Rick Majerus, who returned to coaching less than a year after open heart surgery to lead Utah to the Sweet 16 of this season's NCAA Tournament, Wednesday was named Coach of the Year by United Press International.
Majerus was selected by a nationwide panel of UPI sports writers, who also considered Randy Ayers of Ohio State and Danny Nee of Nebraska for the honor. Jim Calhoun of Connecticut was last season's recipient.Majerus had septuple bypass surgery in December 1989 and missed the rest of the 1989-90 season. Under doctor's orders, he dropped 50 pounds before returning to the Utes this season.
Utah, with two seniors and five players who weren't on the team last year, was picked to finish sixth in the Western Athletic Conference. Instead, the Utes ran away with the league title and finished with a 28-3 record and a No. 10 national ranking. Their season ended with a tournament loss to the nation's best team - Nevada-Las Vegas.
Utah's roster was at total odds with the accepted formula for success in college basketball. Majerus had a former professional baseball pitcher, three walk-ons, a Tongan center who reportedly didn't wear shoes until age 7 and four players back from Mormon missions.
There was also a 5-foot-7 point guard and a center who the coach required weigh no more than 260 pounds on game day, or be benched.
Add to that the fact that Majerus lives in a hotel, doesn't own a suit and has just one tie, and that his backup center was nearly killed in a shooting incident during the season.
In any case, this team came together. With only one star player in junior forward Josh Grant, Majerus used his entire bench and had nine players average double figures in minutes.
Still, when these Utes received the fourth seed in the West Regional, some scoffed at the team's record, citing an easy schedule in a weak conference. Utah won its opening-round game, defeating South Alabama 82-72, then picked up believers when it went to two overtimes and beat Michigan State 85-84.
That set up a date with No. 1 UNLV. The Utes were in the game for more than 30 minutes, but the Runnin' Rebels were too much down the stretch and won 83-66.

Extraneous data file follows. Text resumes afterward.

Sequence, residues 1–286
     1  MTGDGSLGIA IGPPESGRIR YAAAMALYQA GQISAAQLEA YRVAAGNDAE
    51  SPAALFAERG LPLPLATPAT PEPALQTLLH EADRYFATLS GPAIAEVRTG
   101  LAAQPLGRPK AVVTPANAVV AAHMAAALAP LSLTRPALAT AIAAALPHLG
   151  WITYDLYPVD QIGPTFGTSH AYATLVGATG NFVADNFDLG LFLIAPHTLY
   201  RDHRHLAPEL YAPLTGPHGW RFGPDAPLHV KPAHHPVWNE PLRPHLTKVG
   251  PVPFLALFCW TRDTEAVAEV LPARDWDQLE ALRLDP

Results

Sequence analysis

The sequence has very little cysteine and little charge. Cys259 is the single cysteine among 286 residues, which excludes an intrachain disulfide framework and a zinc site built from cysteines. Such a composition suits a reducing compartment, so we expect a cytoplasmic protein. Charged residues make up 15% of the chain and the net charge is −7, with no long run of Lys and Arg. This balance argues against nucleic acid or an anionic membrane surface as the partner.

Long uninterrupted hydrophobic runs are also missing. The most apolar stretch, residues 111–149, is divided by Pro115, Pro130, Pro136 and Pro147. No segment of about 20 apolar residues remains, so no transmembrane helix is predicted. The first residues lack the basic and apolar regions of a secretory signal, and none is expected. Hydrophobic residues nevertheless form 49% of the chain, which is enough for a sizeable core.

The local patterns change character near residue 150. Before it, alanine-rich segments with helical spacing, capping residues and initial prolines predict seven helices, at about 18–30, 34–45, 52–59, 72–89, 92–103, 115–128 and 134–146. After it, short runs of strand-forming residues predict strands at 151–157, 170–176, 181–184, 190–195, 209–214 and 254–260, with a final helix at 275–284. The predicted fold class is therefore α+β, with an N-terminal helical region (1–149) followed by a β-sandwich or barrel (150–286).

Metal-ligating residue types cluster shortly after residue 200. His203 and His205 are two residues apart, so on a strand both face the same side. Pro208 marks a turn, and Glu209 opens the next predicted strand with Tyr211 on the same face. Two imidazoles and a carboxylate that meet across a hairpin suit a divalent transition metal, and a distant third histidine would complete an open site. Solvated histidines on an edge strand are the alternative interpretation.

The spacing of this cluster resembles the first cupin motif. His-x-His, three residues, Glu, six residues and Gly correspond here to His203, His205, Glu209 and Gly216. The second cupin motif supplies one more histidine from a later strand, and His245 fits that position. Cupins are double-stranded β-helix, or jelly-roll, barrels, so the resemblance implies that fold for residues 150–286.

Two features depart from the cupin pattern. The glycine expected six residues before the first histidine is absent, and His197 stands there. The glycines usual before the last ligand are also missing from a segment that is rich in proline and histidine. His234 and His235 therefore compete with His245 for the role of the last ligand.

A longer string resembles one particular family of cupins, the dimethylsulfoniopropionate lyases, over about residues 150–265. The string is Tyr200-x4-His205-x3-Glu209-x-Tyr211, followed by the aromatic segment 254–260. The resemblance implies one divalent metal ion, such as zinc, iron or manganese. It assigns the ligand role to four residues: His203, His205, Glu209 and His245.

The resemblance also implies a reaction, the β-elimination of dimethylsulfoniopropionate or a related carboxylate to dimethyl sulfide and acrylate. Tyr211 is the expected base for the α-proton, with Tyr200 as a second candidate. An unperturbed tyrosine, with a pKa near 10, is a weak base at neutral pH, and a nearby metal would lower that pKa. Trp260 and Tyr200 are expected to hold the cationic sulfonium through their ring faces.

"Back in October I told my buddies maybe we could get in the NIT and draw a big crowd at home," Majerus said before the UNLV game. "To make the Sweet 16 is really fabulous for us. These guys have done a great maturing. We've come a long way."
And so has the coach, and not just on the coaching sidelines.
Majerus, who did an equally brilliant job at Ball State before coming to Utah, is an admitted "restaurant junkie." He weighed 320 pounds and was having chest pains a year ago when doctors told him to quit coaching and have surgery or maybe miss his 42nd birthday.
After the surgery Majerus was told to change his eating habits and begin to exercise, other than calling for room service.
"They used to say my courtesy car on the road would be a pizza delivery truck," Majerus, now 270 pounds, said last week. "Some guys drink or smoke. I eat."
But most guys can't coach. At least not like Majerus. Considered to be one of the game's most innovative thinkers, Majerus is a coaches' coach.
"Rick knows more basketball than anyone in the world today," said Al McGuire, for whom Majerus was an assistant coach at Marquette. "His sheer knowledge is above anybody's. He has the finest basketball mind in the world right now." Majerus proved just that this season, leading an unlikely collection of players to within reach of a national championship.
"They're a great group of guys that compete," Majerus said. "You know what it is? It's characterized by the word 'team.' Everybody contributes. Everybody's happy for everybody else. We just kind of fish around out there and see what happens."